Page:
It was already past 2 am on Tuesday and a 62-year-old man from Bharuch was alone on a footpath, where he slept.
He was at Sursagar in Vadodara district where the fire ambulance driver had dropped him after the burial of his son-in-law, who was a COVID-19 patient.
When the driver asked the man where to drop him, he had no place to say.
“How can I visit anyone or expect anyone to come during this time?,” asks the 62-year-old man. His daughter and her two children were in an isolation ward at the Jayaben Modi hospital in Ankleshwar.
On Tuesday, the administration tested him also for COVID-19, after they learnt that he had touched the his son-in- law’s body which was not properly disinfected.
On Monday evening, the elderly man from Dangarwad in Bharuch sat for two hours outside the COVID-19 ward in GMERS, Gotri in Vadodara. He had two things in mind: to inform his daughter about her husband’s death and to ensure that the ambulance drivers take the body for cremation.
His 41-year-old son-in-law, a tempo driver, had co-morbid conditions of diabetes and hypertension and had begun showing symptoms on April 15 and tested positive on April 19 at Ankleshwar COVID-19 hospital in Bharuch from where he was referred to Gotri in critical condition.
After he succumbed to the infection on Monday, the GMERS did not follow proper protocol in handling the body because of which the ambulance drivers refused to take the body to crematorium.
The sanitation staff at the hospital was refusing to handle or clean the bodies.
When contacted, Vinod Rao, Officer on Special Duty for Covid19 to Vadodara, says, “I myself was available until 1.30am to sort out the matter. The hospital staff did not follow the protocol for disinfecting the body and the RMO has issued a notice to them today. We swiftly handled the issue and released the body.”
The ambulance driver took the body from the GMERS staff after it was disinfected and wrapped in three layers of plastic as per the protocol late on late Monday night. Amid the delay, the elderly man says he handled the dead body on multiple occasions.
It was only past 2 am, after the 62-year-old man had finally laid his son-in-law at an Islamic cemetery near Khaswadi that he bathed, by the road across the Sursagar lake, behind one of the fire engines where the ambulance driver and others were also taking bath.
“The fire officers were very hospitable… They also helped me find a cosy place on the footpath, where I spent the night,” says the man, who retired as an office helper from a private company.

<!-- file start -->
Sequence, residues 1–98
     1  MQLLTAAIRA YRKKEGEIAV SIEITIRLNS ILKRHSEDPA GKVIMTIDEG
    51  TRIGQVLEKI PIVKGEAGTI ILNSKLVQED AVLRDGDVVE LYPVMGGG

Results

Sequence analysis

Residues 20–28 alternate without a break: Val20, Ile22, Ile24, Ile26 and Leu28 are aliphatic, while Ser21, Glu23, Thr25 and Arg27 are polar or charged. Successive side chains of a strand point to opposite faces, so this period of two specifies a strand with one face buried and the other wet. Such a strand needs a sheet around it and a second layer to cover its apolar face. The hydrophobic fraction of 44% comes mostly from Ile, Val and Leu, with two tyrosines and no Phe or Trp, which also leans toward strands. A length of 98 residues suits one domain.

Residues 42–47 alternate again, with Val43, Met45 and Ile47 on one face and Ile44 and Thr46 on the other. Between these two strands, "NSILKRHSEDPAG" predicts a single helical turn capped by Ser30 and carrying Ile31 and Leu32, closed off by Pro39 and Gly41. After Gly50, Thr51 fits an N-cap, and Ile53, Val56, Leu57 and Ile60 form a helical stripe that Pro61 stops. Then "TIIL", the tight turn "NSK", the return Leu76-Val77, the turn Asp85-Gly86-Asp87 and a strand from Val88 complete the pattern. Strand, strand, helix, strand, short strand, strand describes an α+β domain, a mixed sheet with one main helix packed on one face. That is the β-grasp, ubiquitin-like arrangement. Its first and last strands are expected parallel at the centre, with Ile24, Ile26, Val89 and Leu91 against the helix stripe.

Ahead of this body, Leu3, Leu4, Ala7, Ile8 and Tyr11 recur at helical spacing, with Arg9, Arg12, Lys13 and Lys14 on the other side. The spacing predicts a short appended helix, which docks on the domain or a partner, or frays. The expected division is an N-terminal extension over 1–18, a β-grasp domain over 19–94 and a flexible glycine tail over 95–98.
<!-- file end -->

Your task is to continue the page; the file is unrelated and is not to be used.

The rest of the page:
“I hadn’t eaten a meal for two days since my son-in-law tested positive and my daughter and her two children were also quarantined. Just about an hour before he passed away, I got dinner from the community trust that supply food at the GMERS,” he says.
On Tuesday, the 62-year-old man was also admitted to GMERS and tested for COVID-19.
“I am waiting for my results and also of my 32-year-old daughter and her children–14 year old daughter and eight-year-old son who has been paraplegic since birth. I just hope we don’t test positive. My daughter has already lost her support,” he says.
On Monday, Dr Vinod Rao appointed a special administrative officer at GMERS, the CEO of Vadodara Urban Development Authority Ashok Patel, and empowered him under the Epidemic Act to issue orders to the staff, failing to comply to which could result in a case of violation of orders.
The move came a day after Rao wrote to the Medical Superintendent of GMERS saying that several patients admitted at the GMERS have complained about lack of cleanliness, water and other facilities.
Last week, the body of a 14-year-old girl from Pratapnagar, who succumbed to the infection, was also kept in the cold room for about 12 hours before her final rites were performed.
Deputy Municipal commissioner SK Patel says that he has instructed the drivers to refuse handling of bodies if the hospital has not adequately prepared the body for disposal as per protocol.
“I have received complaints from our staff that the hospital is not properly handling bodies before handing them over. The task of ambulance driver is to carry the body to the crematorium. We cannot force them to expose themselves to danger,” says Patel.
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